Pack Body: The main body is a lightweight coated, nylon pack cloth shell with lightweight stretch fabric ambidextrous 8”x 6” deep waterbottle/storage sleeves and a 12” x 7” deep breathable stretch fabric exterior rear stash pocket with adjustable top buckle. Two compression straps on each side help keep the load stable. The Zulu 35 offers one large compartment with a top load cinch opening and a U shaped 40” zipper allows easy access to entire main pack contents. Absent is an unnecessary bottom zipper. The top load offers a 34” circumference so no worries about restrictions. The main body interior supplies a protective hydration sleeve along with both a Gregory hydration pack specific SpeedClip snap hook and also a nylon loop for other brands. Trekking/ski pole or ice axe loop (adjustable!) and cinch bungee are intended to keep items secure. (*I found the combo for attaching my poles to be rather ineffective, as the bungee, even cinched tightly, did not prevent my poles from swinging metronome style at the top, which you can see from my pics). All pack zippers include molded Comfort Grip nylon loops for easy pulling.
Pack Hood: The hood has one outer and one inner zippered pocket. The outer pocket will hold ample ancillary items, whereas the inner pocket is intended as a dedicated “labeled” Rain Cover storage pocket. But stuffing the Rain Cover into the main body stretch stuff pocket or water bottle/storage sleeve frees up an additional zippered pocket. Two small web lash loops on the outside of the hood are nice for securing solar panels or carabiners for hanging your Tentlab Deuce shovel.
Final Thoughts: Born a skeptic, things are rarely as advertised but the New Gregory Zulu 35 is the real deal. Until now, I loved my overly padded hip belts, shoulder straps and back panels of yesterday’s packs…but the Zulu 35’s comfort level was astounding, catching me totally off guard. Granted, I was only hauling 30lbs, but it was ‘out of sight-out of mind.’ The purposefully engineered breathable mesh and cut-outs worked…in blazing sun and 89 degrees, I was comfortable. I usually haul heavy loads (55-65lbs) for long treks…but I was able to pack enough in the Zulu 35 for four days worth and still had room. Apart from the ineffective bungee cinch/adjustable loop for poles…it is nearly perfect! In the future, I’ll just stick my trekking poles (upside down) in the side pocket and cinch ‘em down with the side compression straps with my tent poles. Problem solved.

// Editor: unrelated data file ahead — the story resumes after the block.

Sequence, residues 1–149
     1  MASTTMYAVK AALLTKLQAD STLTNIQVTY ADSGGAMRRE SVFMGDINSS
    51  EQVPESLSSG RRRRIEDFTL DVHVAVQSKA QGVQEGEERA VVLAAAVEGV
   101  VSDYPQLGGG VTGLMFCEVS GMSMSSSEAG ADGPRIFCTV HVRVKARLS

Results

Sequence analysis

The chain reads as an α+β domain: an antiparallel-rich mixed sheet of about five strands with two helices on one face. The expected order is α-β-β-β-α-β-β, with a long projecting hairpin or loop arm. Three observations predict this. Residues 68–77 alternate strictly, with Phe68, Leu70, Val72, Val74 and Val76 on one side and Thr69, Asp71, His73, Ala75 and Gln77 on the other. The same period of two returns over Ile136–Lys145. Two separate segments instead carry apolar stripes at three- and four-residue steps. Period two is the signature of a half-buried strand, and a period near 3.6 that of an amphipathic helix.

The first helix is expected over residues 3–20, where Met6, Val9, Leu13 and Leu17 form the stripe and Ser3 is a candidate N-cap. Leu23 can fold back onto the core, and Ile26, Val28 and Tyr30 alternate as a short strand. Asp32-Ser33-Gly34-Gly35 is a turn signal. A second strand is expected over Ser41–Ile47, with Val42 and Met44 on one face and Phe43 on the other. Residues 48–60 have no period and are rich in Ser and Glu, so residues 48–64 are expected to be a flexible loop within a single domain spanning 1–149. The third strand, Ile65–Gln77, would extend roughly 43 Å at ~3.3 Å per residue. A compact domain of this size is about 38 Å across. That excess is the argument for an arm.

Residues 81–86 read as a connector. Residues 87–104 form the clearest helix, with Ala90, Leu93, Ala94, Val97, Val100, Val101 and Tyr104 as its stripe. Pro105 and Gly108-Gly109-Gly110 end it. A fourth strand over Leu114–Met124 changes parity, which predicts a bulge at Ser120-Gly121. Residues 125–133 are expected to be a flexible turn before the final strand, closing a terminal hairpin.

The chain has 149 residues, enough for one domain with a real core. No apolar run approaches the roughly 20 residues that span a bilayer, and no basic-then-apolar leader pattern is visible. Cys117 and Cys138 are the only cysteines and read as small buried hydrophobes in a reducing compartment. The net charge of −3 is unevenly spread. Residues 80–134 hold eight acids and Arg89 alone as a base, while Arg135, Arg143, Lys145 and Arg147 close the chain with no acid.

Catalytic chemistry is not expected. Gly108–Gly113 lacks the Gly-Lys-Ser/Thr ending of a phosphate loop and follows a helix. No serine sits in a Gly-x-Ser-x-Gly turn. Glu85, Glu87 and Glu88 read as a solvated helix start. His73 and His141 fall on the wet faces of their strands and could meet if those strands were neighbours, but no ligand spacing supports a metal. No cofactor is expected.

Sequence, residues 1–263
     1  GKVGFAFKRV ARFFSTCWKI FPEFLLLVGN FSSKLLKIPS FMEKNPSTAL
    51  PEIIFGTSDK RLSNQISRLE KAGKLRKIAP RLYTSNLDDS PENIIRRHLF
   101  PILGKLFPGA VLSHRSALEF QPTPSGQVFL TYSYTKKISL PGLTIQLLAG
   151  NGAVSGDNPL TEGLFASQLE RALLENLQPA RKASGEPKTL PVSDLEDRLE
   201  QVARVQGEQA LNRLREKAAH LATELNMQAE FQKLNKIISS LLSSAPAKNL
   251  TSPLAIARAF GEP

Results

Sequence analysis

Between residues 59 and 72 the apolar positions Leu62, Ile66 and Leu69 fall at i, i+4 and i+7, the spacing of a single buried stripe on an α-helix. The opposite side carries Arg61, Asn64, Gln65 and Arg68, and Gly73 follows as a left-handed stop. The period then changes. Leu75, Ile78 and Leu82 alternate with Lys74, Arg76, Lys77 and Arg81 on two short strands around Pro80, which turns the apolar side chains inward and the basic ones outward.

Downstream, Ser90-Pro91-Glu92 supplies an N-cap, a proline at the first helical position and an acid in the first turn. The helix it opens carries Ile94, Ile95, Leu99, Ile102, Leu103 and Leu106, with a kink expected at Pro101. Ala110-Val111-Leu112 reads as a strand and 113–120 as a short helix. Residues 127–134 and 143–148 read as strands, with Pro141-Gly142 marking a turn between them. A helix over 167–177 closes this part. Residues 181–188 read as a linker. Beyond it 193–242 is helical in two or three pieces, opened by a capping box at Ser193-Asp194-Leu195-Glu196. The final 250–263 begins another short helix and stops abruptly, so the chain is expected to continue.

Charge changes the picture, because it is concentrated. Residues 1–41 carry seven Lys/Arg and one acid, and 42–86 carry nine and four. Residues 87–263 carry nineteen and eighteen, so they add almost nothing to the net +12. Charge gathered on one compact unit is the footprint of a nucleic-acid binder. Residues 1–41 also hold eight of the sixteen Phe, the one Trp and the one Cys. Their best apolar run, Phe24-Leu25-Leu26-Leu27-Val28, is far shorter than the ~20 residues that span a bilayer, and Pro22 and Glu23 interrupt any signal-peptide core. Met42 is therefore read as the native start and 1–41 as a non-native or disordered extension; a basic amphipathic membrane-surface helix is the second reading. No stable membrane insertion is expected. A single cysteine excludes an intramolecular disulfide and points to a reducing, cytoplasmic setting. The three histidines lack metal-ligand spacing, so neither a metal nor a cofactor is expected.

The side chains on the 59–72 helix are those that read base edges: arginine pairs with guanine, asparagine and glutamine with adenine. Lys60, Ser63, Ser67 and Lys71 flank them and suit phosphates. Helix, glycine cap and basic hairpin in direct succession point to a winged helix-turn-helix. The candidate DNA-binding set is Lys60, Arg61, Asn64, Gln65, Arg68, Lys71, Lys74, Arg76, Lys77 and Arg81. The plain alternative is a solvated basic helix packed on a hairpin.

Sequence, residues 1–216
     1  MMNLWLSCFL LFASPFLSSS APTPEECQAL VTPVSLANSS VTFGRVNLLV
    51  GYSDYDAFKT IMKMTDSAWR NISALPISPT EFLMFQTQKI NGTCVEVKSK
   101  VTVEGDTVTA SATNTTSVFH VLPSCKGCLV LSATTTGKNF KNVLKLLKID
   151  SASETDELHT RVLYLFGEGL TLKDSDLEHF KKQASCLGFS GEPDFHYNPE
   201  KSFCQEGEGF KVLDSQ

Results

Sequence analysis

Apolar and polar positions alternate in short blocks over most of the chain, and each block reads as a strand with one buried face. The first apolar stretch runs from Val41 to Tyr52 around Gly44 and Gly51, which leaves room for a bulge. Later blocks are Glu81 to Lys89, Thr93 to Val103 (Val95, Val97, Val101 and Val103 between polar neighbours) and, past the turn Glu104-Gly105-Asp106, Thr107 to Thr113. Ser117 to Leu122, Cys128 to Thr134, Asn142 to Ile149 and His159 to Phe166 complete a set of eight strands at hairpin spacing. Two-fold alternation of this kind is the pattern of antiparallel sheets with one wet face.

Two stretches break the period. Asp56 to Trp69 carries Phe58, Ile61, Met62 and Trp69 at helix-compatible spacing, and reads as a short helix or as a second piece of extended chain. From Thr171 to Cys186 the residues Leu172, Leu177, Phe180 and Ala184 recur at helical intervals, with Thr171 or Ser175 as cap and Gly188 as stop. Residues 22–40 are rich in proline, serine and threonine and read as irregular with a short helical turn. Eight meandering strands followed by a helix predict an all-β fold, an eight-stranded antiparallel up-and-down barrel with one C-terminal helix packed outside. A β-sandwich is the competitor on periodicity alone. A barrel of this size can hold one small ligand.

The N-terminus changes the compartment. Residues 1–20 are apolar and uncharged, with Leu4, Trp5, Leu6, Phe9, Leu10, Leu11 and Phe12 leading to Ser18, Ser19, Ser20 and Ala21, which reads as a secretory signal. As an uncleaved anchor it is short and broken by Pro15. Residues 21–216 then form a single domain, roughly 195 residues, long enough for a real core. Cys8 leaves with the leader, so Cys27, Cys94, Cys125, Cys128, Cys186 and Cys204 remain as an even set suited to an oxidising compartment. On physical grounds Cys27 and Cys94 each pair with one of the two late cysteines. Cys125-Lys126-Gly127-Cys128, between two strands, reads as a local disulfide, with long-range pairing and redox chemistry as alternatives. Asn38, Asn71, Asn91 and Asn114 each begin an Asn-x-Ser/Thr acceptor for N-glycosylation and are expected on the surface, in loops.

Overall Rating: ⭐️⭐️⭐️⭐️⭐️
Size: Gregory Zulu 35 (Med/Lg)
Capacity: 35 liters/2136 cu in
Pack Weight: 2.89
Recommended Maximum carry weight: 35 lbs
Reviewer: 6’0/185, 21” torso
Price Point: $169.95
Unlike the name would lead you to believe, the Seminole Campground and RV park in North Fort Myers, isn't actually a campground at all -- it's just an RV park.
Located just off of I-75 and Hwy 78 (Bayshore) the location of the park is a short drive (in FL terms) to anywhere in the Ft Myers area. There is a Publix not far away, and a new restaurant called the Boat House near the Civic Center.
The "campground" is convenient to Lee County Civic Center and Echo (a global agricultural non profit learning center).